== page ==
FA (Pakistan) (Appellant) v Secretary of State for the Home Department (Respondent)
Case ID: UKSC 2016/0167
- whether refusal of asylum on the expectation an individual will suppress the expression of their religious faith, where the State criminalises the reasonable expression of that identity, is consistent with the ‘fundamental right to live openly and freely, as themselves’ as per HJ (Iran) and HT (Cameroon) v SSHD  UKSC 31 or with the understanding of religious belief as ‘so fundamental to human identity that one should not be compelled to hide, change, or renounce this in order to avoid persecution’ as per RT (Zimbabwe) and Ors  UKSC 38;
- whether the rights in HJ (Iran) and RT (Zimbabwe) are applicable only if an individual gives ‘particular importance’ to them and, if so, how – for instance by reference to what comparator group - the existence of ‘particular importance’ is to be ascertained; and
- whether an individual possessing a well-founded fear of religious persecution may be expected to rely upon internal relocation notwithstanding nationwide legal prohibition on the expression of said religion.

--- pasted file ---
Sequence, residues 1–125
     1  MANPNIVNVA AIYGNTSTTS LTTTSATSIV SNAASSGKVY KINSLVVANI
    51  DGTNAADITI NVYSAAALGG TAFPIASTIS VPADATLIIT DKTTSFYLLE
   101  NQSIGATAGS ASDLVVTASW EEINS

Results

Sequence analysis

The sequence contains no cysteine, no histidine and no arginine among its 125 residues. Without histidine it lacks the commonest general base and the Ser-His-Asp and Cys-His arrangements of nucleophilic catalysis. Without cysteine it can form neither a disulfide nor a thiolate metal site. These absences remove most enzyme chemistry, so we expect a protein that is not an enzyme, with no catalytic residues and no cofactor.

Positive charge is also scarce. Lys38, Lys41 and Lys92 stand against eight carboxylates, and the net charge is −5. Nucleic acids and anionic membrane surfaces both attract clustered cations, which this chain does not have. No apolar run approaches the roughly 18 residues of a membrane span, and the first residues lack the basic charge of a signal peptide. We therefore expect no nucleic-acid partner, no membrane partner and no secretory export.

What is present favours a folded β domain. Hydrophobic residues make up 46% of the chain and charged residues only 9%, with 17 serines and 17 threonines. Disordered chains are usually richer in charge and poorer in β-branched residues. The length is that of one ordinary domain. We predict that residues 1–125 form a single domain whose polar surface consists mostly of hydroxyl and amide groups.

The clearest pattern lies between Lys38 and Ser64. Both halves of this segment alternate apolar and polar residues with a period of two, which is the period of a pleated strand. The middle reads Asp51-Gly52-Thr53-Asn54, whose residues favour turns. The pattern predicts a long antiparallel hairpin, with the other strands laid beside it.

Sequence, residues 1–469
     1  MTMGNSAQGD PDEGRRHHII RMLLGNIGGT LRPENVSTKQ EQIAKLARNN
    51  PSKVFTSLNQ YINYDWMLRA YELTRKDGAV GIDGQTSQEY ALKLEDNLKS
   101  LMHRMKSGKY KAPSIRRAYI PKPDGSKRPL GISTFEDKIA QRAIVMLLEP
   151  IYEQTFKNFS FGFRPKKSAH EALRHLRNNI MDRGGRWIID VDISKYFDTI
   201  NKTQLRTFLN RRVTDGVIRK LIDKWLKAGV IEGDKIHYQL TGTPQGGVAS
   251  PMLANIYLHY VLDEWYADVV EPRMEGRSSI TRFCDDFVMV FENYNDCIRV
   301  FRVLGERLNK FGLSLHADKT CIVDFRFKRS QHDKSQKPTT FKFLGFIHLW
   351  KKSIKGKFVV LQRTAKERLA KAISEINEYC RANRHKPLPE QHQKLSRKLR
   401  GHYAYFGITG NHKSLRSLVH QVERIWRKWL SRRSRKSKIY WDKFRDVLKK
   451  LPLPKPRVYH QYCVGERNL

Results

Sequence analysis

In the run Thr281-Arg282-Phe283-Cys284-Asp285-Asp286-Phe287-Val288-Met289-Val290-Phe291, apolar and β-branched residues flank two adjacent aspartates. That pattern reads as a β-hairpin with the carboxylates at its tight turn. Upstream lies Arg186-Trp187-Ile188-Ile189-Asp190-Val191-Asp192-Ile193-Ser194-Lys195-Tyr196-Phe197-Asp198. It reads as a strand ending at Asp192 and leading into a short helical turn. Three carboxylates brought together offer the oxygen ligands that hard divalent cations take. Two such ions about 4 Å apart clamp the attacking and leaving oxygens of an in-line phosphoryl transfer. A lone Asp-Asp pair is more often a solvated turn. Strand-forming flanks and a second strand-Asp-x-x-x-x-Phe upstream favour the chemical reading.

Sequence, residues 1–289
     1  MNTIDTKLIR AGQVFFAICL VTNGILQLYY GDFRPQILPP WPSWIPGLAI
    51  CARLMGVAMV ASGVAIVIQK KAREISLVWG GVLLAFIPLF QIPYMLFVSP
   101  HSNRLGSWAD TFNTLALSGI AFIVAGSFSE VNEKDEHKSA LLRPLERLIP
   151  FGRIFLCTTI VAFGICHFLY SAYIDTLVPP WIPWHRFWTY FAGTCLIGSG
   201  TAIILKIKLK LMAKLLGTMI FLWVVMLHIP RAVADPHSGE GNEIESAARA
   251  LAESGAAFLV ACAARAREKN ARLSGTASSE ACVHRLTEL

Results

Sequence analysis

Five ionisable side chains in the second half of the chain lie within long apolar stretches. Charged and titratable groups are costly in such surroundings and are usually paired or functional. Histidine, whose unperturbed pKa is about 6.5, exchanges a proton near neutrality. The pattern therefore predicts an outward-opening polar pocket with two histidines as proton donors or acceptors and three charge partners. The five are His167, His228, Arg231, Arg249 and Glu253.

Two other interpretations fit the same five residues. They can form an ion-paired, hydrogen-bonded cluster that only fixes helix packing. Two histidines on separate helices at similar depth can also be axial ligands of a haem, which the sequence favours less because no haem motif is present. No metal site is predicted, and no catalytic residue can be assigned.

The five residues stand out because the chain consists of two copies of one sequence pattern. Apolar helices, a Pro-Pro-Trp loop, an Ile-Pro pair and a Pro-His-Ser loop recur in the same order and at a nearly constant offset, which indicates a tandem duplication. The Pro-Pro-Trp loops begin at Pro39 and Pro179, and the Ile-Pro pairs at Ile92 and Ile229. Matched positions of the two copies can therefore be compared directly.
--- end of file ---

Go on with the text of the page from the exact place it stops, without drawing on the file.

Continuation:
The Appellant is a citizen of Pakistan and an Ahmadi Muslim. He arrived in the UK in October 2014 and claimed asylum stating he had suffered persecution and discrimination in Pakistan due to his faith. His application was refused by the Respondent who did not accept that the Appellant was being pursued by the Khatme-e-Nubuwat ("KN"), an organisation opposed to Ahmadis and which seeks to supress the open expression of their faith. The Appellant’s appeal to the First-tier Tribunal was allowed. It found the Appellant had been targeted by KN and internal relocation was not available to the Appellant. The Upper Tribunal held that the First-tier Tribunal had erred in law by marginalising the case of MN and Others (Ahmadis – country conditions – risk) Pakistan CG ("MN") which contained the relevant Country Guidance. It re-made the First-tier Tribunal’s decision and held that internal relocation was available. The Court of Appeal dismissed the Appellant’s appeal. It held that the Upper Tribunal was right to find that the First-tier Tribunal had given insufficient attention to MN and it was open to the Upper Tribunal to find that internal relocation was available.
Secretary of State for the Home Department
Lady Hale, Lord Kerr, Lord Carnwath, Lord Hughes, Lord Hodge
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